Time to put it all together and see what turns out. Once the neck is glued on the next major hurdle is to install strings. For this we require a bridge and a tailpiece. The tuners and nut are already done per previous posts. So I unwrapped the tailpiece, which is a copy of the original Selmer one. This design dates to the 1930’s and is a classic. It is seen on virtually every “gypsy jazz” guitar, or a facsimile thereof.
Interruption for rant here:
I don’t like the term “gypsy jazz” guitar. It connotes something false, which is that these guitars are designed for a certain musical style. They aren’t – period. They were adopted for it, hence the strong association. But they were designed to be guitars with good projection, something that could be heard above a band full of brass. They have a wonderful all round sound, and are great for all types of musical styles. The French know this, and there this style of guitar is ubiquitous and used by all genres of musicians. Here, unfortunately, the guitar playing public is sadly unaware of the amazing qualities of this guitar style.
To get on with the guitar making, I removed the cheapo plastic insert from the tailpiece so I could put in a nice matching piece of walnut. A few saw cuts around the edges and in it went. Then I spent half the day wiping on the french polish finish. About twenty coats later it began to shine. Then I put the red leather patch on. This is traditional, and protects the guitar wood from the sharp metal edges. The tailpiece comes flat too, and has to be bent. Clamp in vice and bend 90 degrees – done. To install it has to be dead centre with the neck. I checked this again with my long metal straight edge, and verified the centre line. Right at the butt seam where it was designed to be. Good work!
Now we need a bridge! I used a walnut blank which I had around. First step is to get it the right size. I sawed away the excess and sanded it on the machine. It should be 15mm wide and at least 25mm tall, 150mm long. Then we make the feet. The bridge sits on top of the X brace, one foot on each leg. The feet are 25mm long, and between them and at the ends there is a gap of about 2mm height. I make small saw cuts and file and chisel out the gaps.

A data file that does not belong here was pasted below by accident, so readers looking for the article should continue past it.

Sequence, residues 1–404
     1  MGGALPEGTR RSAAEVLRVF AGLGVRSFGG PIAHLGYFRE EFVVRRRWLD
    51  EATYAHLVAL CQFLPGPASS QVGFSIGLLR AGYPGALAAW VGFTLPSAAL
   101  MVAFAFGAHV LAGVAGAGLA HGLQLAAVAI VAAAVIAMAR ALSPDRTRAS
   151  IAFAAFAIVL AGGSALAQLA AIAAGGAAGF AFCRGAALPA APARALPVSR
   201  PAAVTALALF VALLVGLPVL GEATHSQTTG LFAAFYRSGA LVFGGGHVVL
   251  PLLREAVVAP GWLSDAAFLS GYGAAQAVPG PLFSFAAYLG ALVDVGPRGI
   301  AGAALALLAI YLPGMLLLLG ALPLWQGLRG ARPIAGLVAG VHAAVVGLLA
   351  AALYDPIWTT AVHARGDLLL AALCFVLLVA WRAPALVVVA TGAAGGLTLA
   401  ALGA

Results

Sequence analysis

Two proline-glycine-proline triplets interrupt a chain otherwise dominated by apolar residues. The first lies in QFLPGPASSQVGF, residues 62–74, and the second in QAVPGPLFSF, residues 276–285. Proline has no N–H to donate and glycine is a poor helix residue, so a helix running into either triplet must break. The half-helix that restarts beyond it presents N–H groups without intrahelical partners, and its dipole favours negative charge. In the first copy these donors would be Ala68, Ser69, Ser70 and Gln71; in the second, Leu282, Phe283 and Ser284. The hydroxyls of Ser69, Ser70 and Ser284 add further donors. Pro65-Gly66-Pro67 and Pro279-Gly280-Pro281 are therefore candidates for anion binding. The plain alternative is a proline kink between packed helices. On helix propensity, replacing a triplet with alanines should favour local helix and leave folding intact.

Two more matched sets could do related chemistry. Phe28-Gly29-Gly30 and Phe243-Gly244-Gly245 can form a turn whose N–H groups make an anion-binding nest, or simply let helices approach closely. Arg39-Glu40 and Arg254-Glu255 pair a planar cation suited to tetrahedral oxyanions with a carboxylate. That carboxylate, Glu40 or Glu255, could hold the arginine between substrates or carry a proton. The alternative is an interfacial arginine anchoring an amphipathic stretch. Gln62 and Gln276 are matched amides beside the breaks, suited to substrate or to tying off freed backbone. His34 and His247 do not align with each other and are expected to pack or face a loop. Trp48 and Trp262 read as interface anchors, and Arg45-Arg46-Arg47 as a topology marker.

Once the feet are done the bridge has to be fitted to the top. A little sanding in place does the trick, so the feet are seated correctly, and the pressure is evenly distributed. I’m protecting the top with cardboard. This finish is easily scratched, and since it is so highly polished any tiny scratch shows up glaringly.
Once the bridge fits the top the carving begins. I use a long stick with a half pencil on the end to mark the bridge height. I shim the 12th fret to get the required string height that I want. Then I remove the excess wood from the bridge blank.
After the bridge is the correct height the top edge has to be formed. First a line is marked on top that indicates the top edge. This is angled slightly as required for string length compensation. Then I grind away the sides using the end roller on the bench sander. I also remove the excess length from the ends and grind out a concave curve in each end.
Now we can string it up and make the final adjustments. The tailpiece is on, and we have a bridge that is close to the right height, so the strings will go on now. But first I put on the outer two strings and set the string width at the bridge. This involves getting the outer strings with the right edge clearance to the fingerboard. I need at least 3mm. Once set, I mark the position of these two strings. In this case it was 56.5mm wide. Then I use a graduated string width scale and mark in the middle four strings. With files that are the widths of the strings (or close to them) I file a groove for each string to sit in. Then I final sand the bridge and give it wipe with oil. I like the look of an oil finish on the bridge, as opposed to a shiny shellac finish. Much fiddling will go on to get the string heights to the right action, but the basic setup is done.
Before I get to the end here, I had to make a pick guard. Since the guitar is very small the off the shelf pick guard was too large, so I had to modify it to fit. For this I got out the old circle cutter used for the rosette. I set the radius and taped the plastic piece to a piece of signboard plastic, then cut out the right curve to fit this sound hole.
Well, that’s it. I won’t go into all the details of setting up a guitar here. It takes a while to finesse it all so it plays well; action adjustments, and minor fret work to remove high spots here and there. Also more french polishing with the pad, micro polishing with super fine paper and oil, re-polishing, etc. But we have a guitar. Here it is. I like the sound of it. For a small guitar it’s surprisingly loud, and well balanced. The high frequencies are very strong, and it really delivers in the bass as well. It’s very light, too. Weight: 1474g, or 3 lb 4 oz.